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Medicinal cannabis legislation introduced

Medicinal cannabis legislation introduced

CREATED ON // Thursday, 11 February 2016 Author // Christopher Kelly

Federal legislation has been introduced allowing for Australians to access medicinal cannabis for chronic conditions such as HIV.

 If passed, amendments to the Narcotics Drugs Act 1967 would allow for a national cultivation scheme of cannabis for medicinal or scientific purposes — an Australian first.

Although the drug won’t be legal in smokable form, licensed cultivators and manufacturers will be allowed to produce oils, capsules, sprays and vapours.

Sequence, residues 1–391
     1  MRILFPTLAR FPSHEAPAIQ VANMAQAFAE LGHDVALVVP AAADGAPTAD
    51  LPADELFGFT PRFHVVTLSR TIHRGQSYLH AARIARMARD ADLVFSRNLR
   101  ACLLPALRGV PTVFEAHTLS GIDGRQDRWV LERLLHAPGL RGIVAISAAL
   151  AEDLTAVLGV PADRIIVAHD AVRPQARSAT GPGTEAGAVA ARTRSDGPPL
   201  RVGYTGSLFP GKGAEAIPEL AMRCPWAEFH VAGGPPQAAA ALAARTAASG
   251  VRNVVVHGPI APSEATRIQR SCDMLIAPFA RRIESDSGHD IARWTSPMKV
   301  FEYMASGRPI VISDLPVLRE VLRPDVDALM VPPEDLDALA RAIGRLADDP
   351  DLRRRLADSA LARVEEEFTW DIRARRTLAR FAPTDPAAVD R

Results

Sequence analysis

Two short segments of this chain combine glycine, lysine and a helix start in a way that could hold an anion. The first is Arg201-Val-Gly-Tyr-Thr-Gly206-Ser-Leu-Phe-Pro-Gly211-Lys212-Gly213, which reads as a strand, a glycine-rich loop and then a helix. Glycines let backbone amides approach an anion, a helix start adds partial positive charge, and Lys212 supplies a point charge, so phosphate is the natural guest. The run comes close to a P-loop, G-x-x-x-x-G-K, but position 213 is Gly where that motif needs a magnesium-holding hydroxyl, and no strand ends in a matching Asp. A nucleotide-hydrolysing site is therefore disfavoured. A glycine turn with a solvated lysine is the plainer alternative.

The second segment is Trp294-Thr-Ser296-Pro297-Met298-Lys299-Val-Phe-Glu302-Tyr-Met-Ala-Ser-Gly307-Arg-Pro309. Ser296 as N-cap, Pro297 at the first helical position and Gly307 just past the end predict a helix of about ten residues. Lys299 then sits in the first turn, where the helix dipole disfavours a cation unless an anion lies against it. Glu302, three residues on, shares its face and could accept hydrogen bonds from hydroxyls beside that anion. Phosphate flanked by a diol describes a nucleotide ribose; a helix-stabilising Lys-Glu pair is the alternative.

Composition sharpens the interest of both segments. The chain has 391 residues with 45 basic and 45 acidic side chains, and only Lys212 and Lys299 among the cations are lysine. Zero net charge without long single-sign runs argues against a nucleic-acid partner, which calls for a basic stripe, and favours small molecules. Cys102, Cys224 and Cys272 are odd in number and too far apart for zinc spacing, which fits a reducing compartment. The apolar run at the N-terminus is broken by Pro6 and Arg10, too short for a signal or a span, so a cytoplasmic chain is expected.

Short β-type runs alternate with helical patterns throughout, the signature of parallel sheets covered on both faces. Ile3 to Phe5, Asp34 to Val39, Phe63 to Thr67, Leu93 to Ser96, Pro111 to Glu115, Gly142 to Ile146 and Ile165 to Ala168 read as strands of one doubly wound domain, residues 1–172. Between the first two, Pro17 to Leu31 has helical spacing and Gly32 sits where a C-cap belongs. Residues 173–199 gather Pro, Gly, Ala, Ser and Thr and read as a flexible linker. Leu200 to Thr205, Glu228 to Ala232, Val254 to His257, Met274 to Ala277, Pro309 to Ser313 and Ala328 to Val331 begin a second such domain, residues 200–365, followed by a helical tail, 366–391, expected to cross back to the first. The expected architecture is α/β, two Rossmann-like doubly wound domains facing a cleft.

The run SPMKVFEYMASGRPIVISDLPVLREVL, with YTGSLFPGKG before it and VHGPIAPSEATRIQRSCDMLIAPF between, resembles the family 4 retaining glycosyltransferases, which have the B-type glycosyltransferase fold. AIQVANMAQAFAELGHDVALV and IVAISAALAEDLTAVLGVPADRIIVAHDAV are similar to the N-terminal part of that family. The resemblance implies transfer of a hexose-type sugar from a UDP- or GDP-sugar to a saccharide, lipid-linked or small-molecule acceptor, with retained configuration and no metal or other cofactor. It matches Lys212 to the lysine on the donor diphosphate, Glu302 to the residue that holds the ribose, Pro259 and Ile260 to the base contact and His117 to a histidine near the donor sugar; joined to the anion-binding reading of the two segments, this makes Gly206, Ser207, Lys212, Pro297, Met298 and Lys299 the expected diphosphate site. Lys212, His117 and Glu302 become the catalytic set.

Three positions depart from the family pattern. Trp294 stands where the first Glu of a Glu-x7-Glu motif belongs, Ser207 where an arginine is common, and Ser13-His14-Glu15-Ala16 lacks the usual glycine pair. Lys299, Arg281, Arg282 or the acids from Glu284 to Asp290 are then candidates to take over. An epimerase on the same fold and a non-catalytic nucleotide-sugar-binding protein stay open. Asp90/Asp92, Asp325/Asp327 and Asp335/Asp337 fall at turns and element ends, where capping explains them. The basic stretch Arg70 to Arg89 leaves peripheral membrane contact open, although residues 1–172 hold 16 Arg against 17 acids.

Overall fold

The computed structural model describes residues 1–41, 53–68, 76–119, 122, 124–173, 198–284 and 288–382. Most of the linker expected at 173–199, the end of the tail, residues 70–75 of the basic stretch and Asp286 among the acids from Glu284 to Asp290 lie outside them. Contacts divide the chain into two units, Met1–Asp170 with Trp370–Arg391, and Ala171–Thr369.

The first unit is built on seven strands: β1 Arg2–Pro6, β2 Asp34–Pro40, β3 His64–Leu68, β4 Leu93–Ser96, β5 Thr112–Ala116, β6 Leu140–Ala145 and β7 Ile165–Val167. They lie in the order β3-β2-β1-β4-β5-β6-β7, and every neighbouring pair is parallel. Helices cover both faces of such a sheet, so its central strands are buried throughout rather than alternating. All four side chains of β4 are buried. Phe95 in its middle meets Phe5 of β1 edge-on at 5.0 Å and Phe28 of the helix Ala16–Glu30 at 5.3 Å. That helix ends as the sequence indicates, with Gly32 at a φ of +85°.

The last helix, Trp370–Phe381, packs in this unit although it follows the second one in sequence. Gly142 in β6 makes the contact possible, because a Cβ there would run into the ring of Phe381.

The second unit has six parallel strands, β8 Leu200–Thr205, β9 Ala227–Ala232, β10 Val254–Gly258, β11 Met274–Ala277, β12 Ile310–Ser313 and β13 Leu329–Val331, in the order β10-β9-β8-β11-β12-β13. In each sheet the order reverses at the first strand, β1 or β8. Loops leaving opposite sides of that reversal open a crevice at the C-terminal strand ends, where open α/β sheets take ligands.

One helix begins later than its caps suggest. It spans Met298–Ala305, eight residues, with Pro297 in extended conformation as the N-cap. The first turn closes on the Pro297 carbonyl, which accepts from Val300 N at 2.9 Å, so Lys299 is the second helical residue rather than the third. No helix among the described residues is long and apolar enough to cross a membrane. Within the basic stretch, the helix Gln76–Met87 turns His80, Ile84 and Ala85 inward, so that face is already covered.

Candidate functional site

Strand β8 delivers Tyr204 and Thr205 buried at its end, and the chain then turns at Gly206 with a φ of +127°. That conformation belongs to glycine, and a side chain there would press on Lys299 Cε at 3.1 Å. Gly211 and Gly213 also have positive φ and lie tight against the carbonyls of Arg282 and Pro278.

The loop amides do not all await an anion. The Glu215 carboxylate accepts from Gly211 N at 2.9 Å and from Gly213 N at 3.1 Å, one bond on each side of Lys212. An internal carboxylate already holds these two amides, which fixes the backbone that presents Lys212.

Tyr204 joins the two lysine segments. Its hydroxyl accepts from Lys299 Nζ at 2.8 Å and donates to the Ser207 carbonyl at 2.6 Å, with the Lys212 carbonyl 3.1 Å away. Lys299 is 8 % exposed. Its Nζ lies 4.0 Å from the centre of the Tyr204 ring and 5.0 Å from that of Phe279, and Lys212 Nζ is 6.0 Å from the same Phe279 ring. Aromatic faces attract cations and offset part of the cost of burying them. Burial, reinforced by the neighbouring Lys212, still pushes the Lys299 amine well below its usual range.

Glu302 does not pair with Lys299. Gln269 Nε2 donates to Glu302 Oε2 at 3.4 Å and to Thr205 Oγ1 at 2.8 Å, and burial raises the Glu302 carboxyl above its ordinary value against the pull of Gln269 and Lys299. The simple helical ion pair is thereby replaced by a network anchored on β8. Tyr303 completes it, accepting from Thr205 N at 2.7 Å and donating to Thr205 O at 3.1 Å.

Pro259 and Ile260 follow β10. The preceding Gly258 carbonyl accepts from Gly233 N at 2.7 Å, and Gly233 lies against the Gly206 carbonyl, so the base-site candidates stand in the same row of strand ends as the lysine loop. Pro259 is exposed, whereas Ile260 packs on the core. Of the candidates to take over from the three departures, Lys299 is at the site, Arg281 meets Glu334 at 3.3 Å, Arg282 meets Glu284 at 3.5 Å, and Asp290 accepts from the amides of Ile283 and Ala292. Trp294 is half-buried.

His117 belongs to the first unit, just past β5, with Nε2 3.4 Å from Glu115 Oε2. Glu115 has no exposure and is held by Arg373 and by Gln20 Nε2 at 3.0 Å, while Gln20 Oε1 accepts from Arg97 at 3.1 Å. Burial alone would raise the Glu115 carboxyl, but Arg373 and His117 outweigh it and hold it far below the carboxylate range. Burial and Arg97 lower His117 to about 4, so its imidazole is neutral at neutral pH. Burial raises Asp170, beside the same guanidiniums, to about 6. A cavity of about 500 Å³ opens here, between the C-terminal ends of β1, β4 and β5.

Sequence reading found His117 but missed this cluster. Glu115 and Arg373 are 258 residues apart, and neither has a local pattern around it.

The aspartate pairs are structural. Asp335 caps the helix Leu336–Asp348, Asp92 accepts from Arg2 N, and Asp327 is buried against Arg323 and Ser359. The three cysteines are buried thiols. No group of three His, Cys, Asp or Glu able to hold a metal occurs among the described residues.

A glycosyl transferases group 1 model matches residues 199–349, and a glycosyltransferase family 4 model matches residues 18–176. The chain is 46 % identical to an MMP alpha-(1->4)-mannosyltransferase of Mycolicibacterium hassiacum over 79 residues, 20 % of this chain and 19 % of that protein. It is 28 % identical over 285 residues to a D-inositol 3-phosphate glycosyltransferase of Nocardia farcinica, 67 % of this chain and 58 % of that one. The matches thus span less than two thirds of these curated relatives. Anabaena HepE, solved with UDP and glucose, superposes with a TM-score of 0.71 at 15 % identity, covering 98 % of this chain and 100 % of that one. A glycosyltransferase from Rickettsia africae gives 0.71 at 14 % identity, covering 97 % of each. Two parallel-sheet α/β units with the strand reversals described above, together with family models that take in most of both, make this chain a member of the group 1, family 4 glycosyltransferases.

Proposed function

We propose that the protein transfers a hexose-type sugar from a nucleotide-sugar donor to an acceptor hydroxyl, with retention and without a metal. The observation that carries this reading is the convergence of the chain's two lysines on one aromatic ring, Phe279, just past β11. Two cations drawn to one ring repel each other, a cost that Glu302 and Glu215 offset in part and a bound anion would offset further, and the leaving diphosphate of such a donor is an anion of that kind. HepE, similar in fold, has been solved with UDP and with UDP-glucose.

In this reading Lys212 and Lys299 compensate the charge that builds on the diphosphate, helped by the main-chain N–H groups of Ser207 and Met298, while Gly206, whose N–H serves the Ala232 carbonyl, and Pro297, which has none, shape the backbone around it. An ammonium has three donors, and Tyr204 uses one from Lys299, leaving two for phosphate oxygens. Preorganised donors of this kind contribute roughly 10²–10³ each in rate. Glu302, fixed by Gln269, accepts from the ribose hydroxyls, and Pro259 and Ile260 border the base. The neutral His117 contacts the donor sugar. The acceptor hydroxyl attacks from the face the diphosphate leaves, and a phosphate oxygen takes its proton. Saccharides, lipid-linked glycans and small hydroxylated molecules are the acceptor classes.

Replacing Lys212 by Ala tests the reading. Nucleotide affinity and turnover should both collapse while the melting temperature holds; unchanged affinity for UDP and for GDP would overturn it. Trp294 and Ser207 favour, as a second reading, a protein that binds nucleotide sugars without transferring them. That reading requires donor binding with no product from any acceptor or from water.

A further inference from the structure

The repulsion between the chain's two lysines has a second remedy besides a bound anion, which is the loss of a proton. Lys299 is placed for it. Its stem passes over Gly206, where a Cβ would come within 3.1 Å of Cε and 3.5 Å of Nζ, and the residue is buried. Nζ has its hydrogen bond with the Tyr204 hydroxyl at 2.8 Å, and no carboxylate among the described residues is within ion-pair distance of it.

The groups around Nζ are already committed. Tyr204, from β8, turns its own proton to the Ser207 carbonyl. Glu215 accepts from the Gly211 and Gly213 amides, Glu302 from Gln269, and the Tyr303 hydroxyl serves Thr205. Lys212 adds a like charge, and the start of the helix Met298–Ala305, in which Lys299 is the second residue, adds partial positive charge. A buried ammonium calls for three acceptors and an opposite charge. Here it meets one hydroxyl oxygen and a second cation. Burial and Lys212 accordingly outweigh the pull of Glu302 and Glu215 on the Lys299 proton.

With a prescription from a specialist doctor, people living with HIV and other chronic conditions — such as multiple sclerosis, epilepsy and cancer — will be able to buy the products at community pharmacies.

“This is an important day for Australia,” said federal health minister Sussan Ley. “Having a safe, legal and reliable source of products will ensure medical practitioners are now at the centre of the decision making process on whether medicinal cannabis may be beneficial for their patient.”

The legislation is expected to receive bipartisan support in both the House and the Senate.

This article was first posted in Positive Living.

Read the Summer 2015-2016 edition of Positive Living here.


Christopher Kelly

Christopher Kelly

Christopher Kelly is editor of Positive Living, a magazine published by NAPWHA for people living with and affected by HIV.

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